When we talk about crypto, we frequently talk about solving the world's most pressing problems. We speak of banking the un-banked, establishing a more equitable financial system, and decentralizing traditional power structures. All of that is important, and many people, like myself, were drawn to the cryptocurrency world because of the promise that it offers for a better future. At the same time, I am sure that many of you may have heard the saying that you can catch more flies with honey than vinegar, and sometimes one of the best ways of onboarding new users is to present crypto in a less serious manner. Banano is a fun-focused meme-coin that provides a lighthearted, interesting way to introduce crypto to people who might not otherwise have tried it. It is fast, fun, and free, so why not check it out?
One look at Banano's website makes it clear that this crypto is all about fun and providing an easy intro to crypto. The flying bananas and "potassium-rich" nature of the crypto makes it clear that the project is designed to be all about fun.
Is This a Joke?
To be honest, when I was first introduced to Banano, I didn't see the point. To me, it seemed like a bit of a joke. How could a crypto that constantly pokes fun at itself and has a machine wielding banana in its whitepaper (actually they call it a yellow paper as homage to the "Banano" name) ever hope to compete with coins like ETH or BTC that have serious goals, devoted developers, and a strong history of results?
Although I didn't believe that Banano had the potential of unseating BTC as the reigning king of crypto, I still followed the project for the simple fact that they host lots of giveaways and the wacky nature of the project makes for some good laughs from time to time. And then one day it dawned on me, Banano isn't meant to compete with serious cryptos for market share or even to be a high-earning investment; it's designed to be a fun, free way to get people interested in crypto. Now that I have realized the true purpose of Banano, I have come to see the project in a different light and actually appreciate the somewhat childish nature of the project as an incredible marketing strategy.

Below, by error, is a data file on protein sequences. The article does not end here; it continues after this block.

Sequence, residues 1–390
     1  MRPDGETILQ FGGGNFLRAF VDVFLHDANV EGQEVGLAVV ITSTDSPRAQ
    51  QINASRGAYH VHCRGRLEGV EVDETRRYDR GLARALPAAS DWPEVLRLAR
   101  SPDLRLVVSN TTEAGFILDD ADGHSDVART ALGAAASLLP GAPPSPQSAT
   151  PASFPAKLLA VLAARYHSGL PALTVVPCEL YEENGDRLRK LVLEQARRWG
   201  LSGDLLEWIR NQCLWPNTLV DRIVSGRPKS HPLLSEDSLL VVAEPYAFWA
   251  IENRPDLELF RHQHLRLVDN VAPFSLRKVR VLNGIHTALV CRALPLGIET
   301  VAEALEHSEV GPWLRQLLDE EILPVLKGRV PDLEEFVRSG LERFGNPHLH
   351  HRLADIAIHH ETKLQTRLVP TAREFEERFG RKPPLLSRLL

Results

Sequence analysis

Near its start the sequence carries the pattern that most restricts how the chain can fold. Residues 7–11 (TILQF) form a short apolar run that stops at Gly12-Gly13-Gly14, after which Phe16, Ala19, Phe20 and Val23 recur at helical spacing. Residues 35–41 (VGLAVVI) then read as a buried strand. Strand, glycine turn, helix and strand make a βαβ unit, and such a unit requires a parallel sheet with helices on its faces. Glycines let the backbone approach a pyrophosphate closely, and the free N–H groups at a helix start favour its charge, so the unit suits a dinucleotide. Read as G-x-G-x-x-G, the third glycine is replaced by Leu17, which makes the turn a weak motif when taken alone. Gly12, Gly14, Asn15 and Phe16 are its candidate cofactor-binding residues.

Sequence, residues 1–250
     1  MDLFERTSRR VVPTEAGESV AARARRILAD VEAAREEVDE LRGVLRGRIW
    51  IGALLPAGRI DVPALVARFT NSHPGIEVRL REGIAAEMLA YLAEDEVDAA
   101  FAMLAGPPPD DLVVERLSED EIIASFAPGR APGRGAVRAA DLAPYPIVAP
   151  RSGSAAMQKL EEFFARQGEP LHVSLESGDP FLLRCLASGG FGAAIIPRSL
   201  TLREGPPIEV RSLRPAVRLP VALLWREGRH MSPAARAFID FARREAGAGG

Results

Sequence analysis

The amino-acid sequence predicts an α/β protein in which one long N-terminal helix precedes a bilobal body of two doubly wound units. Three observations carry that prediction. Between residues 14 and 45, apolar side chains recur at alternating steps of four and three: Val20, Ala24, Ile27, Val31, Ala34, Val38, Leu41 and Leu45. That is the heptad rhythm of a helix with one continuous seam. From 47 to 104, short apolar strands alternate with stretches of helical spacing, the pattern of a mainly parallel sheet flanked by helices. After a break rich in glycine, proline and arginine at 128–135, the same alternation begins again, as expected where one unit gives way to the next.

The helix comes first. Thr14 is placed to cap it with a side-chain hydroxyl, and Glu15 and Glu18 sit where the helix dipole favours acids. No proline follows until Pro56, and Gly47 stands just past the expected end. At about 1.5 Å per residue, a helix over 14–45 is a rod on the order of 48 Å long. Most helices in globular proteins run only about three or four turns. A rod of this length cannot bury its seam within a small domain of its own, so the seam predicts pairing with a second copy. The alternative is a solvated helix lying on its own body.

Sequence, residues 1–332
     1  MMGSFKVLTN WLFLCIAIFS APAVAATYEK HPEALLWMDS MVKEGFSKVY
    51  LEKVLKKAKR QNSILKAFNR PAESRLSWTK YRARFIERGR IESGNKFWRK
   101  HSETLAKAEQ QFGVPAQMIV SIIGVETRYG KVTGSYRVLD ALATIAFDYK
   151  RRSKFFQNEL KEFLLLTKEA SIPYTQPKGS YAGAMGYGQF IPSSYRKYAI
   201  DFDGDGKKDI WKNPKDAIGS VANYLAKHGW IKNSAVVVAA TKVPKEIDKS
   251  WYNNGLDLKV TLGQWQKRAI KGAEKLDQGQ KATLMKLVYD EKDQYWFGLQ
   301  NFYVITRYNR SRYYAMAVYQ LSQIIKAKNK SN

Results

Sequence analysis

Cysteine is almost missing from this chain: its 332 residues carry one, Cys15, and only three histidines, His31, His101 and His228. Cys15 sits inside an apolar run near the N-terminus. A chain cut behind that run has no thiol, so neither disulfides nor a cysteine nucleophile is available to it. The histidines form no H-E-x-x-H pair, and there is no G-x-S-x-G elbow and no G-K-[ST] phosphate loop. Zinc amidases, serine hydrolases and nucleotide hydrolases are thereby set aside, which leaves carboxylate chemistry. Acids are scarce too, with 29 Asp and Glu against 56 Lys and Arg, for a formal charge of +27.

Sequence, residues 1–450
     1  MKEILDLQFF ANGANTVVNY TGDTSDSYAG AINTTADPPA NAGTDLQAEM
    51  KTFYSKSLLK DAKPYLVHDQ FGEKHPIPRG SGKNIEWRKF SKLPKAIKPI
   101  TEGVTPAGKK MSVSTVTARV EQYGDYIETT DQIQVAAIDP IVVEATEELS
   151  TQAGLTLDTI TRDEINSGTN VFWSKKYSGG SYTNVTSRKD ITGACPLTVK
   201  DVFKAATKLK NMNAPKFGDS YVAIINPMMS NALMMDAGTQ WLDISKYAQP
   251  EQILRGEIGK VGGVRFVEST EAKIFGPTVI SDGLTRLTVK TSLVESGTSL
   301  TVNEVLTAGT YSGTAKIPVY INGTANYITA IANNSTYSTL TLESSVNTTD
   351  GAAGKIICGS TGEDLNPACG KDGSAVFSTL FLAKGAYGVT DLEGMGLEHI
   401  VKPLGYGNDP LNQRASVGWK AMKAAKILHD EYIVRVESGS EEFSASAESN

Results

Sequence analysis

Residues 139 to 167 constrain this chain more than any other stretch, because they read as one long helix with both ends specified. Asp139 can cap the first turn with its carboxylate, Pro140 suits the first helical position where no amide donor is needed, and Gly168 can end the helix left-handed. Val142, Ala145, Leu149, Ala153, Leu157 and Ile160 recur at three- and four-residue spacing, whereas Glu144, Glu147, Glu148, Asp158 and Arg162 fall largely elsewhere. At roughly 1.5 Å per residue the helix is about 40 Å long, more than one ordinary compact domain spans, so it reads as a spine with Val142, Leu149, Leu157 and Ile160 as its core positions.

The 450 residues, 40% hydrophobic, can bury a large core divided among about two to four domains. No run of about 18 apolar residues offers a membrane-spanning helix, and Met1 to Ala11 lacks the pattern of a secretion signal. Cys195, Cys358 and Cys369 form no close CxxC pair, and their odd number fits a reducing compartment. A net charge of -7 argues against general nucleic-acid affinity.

But Now I'm A Believer
Recognizing that Banano is designed to promote adoption, as opposed to seriously competing for market share, I'd like to highlight a few key features of the project and why they are successful in their own way. In my opinion, there are three key features which make Banano an ideal crypto for onboarding new users. Banano is free, fun, and fast.
For many potential users, cost is a major barrier that prevents them from getting started in crypto. Let's suppose that after a long, lengthy discussion, you convince one of your friends that Bitcoin is the money of the future. That's great, but where does your friend go from there? They would have to spend some of their own hard earned money to purchase Bitcoin. Well, even before they spend their own money, they would have to fork over all of their personal information to an exchange like Coinbase or Kraken. A free crypto is the ideal way to introduce newbies because it means they don't have to spend their own money, and just as important, they don't have to give up their sensitive info to a company in order to purchase their first coins.
Free transactions are also important because Banano is designed as a tipping currency. Having low transaction fees encourages users to share Banano and increases its circulation. With Banano, users can send a small micro-tip without incurring fees, but, at the time of writing, even sending a few cents worth of an ERC-20 based token would cost about 13 cents. That's not a huge amount, but it doesn't really make sense to spend 13 cents to send a micro-tip that is worth less than a fraction of a cent. The fee-less nature of Banano encourages users to tip each other and spread the crypto which is exactly what you want in a crypto designed for newbies. You want them to get lots of practice sending and receiving transactions and seeing that the crypto transaction system works.